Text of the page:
win the Brian Botting Prize ‘for an outstanding representation of the human figure’
portrait Imara in her Winter Coat portrays Imara, an English
Literature student he met after moving permanently to Brighton. Schaffer said:
“She immediately struck me as someone who is uncompromisingly open and who
wants to learn about anything and everything.” Sittings for the portrait took
place over four months, with Imara posing in her warmest winter coat to
withstand the studio’s cold conditions. Schaffer set out to paint only Imara’s
face, but subsequently added the coat after being inspired by Titian’s Portrait
of Girolamo Fracastoro in the National Gallery, London, with its pyramidal
composition and the subject’s similar attire
Toksvig presented Charlie Schaffer with £35,000 and a commission, at the
National Portrait Gallery Trustees’ discretion, worth £7,000 (agreed between
the National Portrait Gallery and the artist).
London in 1992, Schaffer studied at Central Saint Martins and then the
University of Brighton where he graduated in 2014 with a degree in Fine Art.
This is the first time he has been selected for the BP Portrait Award exhibition.
Schaffer’s practice is mainly concerned with the act of painting, and how the
process that allows the painter and sitter to spend time with one another forms
unique and intense relationships.
The second prize of £12,000 went to Norwegian painter, Carl-Martin Sandvold, for The Crown, a self-portrait in existential thought. The judges were particularly impressed by the assured handling of paint, and keen observation, creating a portrait that had made a memorable impression, and lingered in the mind.
The third prize of £10,000 went to Italian artist, Massimiliano Pironti, for Quo Vadis?, a portrait of his maternal grandmother, Vincenza, a former miller and factory worker now aged ninety-five. The judges were captivated by the excellent depiction of the subject, in particular the sitter’s hands in contrast with the surrounding textures including rubber, tiles and curtains.
The BP Young Artist Award of £9,000 for the work
of a selected entrant aged between 18 and 30 has been won by 30 year-old
Brighton based artist Emma Hopkins for Sophie and
Carla, a portrait that depicts the photographer Sophie Mayanne and her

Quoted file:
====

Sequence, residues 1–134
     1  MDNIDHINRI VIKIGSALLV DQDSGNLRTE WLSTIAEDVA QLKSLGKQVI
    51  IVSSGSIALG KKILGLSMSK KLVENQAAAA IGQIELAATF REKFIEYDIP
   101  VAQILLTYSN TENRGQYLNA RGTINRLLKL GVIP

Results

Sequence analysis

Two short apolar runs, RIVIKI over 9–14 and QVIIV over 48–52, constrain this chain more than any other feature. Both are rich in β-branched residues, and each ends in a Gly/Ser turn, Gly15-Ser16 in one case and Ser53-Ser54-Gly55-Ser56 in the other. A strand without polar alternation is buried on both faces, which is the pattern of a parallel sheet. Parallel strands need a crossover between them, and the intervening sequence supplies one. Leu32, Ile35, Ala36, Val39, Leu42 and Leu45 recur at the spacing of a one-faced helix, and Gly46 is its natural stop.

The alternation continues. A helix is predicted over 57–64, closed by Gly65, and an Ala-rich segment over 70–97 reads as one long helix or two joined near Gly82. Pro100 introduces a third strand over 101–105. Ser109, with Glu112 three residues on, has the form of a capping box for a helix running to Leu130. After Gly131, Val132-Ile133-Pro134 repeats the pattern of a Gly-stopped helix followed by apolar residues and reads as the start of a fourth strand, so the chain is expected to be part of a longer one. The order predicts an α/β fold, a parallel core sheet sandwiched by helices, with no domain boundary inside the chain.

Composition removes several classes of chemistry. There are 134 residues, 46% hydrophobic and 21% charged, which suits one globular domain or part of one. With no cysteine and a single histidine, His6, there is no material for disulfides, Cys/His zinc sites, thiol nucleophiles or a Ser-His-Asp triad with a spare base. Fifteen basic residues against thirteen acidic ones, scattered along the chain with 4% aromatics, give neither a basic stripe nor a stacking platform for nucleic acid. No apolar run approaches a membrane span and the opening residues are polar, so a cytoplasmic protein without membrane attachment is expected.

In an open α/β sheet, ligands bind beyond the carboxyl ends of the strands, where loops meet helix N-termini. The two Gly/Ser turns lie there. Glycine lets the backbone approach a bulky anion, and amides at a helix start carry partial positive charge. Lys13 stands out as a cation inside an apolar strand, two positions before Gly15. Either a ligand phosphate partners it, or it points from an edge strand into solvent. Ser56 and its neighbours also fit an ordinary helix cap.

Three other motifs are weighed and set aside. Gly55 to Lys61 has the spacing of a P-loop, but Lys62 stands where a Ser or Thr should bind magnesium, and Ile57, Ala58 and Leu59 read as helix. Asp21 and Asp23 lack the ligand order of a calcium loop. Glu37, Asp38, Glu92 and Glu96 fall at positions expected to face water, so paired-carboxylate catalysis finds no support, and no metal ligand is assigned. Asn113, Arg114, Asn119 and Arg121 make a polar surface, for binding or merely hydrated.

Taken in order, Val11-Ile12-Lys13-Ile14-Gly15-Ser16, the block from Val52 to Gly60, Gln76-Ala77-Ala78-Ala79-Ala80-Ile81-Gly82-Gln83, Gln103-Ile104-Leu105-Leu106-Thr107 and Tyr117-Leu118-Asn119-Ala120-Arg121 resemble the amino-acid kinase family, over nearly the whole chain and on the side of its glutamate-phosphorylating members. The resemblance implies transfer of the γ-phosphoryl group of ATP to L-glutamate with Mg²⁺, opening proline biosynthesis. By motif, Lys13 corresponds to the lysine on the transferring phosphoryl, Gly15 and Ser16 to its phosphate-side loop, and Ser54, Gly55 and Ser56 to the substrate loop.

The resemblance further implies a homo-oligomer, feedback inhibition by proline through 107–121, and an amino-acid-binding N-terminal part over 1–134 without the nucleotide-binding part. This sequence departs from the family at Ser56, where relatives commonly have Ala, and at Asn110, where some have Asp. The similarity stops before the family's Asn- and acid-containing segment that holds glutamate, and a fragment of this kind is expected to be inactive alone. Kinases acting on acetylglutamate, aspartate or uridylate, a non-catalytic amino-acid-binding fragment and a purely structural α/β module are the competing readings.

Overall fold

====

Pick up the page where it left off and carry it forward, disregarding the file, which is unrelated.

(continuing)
pet dog. The judges liked the way negative space had been used in the portrait,
and how the artist had refreshed the traditional depiction of the nude with an
interesting mutual gaze between the artist and sitter. Emma Hopkins was
born in Brighton in 1989 and turned to portrait painting after graduating with
a degree in Make-up and Prosthetics for Performance from the University of the
Arts, London. Self-taught, Hopkins first exhibited her work in a staff show at
the Chelsea Arts Club while working behind the bar, now she is a member of the
Royal Society of Portrait Painters. Hopkins’ expertise has fed directly into
her painting, which focuses almost exclusively on nude portraits and studies of
Hopkins’ portrait Sophie
and Carla depicts the
photographer Sophie Mayanne and her pet dog Carla. Mayanne is known for Behind the Scars, a photography
project about people’s scars and the stories behind them. It is an interest
that Hopkins shares, she says: “I want to understand as much as I can about
what it means to be human. We are not just the clothed person we present to the
world. We are the mind and body that we inhabit.”
winner of the BP Travel Award 2019, an annual prize to
enable artists to work in a different environment on a project related to
portraiture, was Manu Kaur Saluja for her proposal to travel to the Golden
Temple at Amritsar, India. Saluja intends to make portraits of the men and
women from all walks of life who volunteer to work in the temple kitchens that
operate year-round, providing meals to over 50,000 people free of charge, every
day. The prize of £8,000 is open to applications from any of this year’s BP
Portrait Award-exhibited artists, except the prize-winners.
The winner of the BP Travel Award 2018 was Robert Seidel for his proposal to travel along the route of the river Danube by train, boat and bike to connect with people and make portraits in the regions through which the river passes. His excellent portraits work are displayed one floor up from the BP Portrait Award 2019 exhibition.
At the end of Chelsea Flower show and the
opening of many Gardens under the International Garden Scheme it seemed like a